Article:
On May 1, 2019, Rumi Forum held an event about the diversity of the Muslim American community and their various situations.
Muslims make up about 1% of the American public, but there are also many Americans who have a connection to Islam but do not personally identify as Muslim. This presentation discussed which Americans are most likely to personally know someone who is Muslim, intermarried couples, people who were raised Muslim but no longer identify, and people who identify as Muslim but say religion is not very important to them. How common are there situations? Are these patterns more common among some demographic groups than others?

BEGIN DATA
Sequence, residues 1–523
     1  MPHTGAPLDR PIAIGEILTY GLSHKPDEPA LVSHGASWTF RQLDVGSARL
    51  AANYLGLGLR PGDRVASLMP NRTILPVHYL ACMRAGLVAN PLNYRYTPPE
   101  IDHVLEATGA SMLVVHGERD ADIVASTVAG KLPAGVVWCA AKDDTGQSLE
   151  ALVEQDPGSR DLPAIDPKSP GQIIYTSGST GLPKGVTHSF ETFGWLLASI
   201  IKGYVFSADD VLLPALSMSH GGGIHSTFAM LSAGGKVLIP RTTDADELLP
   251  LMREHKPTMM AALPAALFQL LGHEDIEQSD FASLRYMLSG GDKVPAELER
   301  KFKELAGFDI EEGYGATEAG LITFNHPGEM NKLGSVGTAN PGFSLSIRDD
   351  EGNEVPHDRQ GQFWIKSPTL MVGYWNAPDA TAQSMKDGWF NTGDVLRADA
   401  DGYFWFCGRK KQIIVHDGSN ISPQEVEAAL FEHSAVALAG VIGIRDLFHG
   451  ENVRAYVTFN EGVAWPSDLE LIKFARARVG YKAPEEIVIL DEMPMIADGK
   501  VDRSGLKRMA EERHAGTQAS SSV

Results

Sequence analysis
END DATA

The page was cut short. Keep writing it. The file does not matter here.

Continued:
Besheer Mohamed is a Senior Researcher at Pew Research Center. He is an expert on the views, demographic profile and size of U.S. Muslim communities. He also has extensive experience with computational science, as well as developing best practices for quantitative data collection on small populations. Mohamed has appeared in numerous media outlets and regularly briefs policymakers, academics and other important stakeholders. He has also published in traditional academic publications through Oxford University Press and NYU Press, along with the American Sociological Association’s magazine, Contexts. He received his doctorate in sociology and master’s degree in Middle East Studies from the University of Chicago and a Bachelor of Science degree in engineering from Cornell University.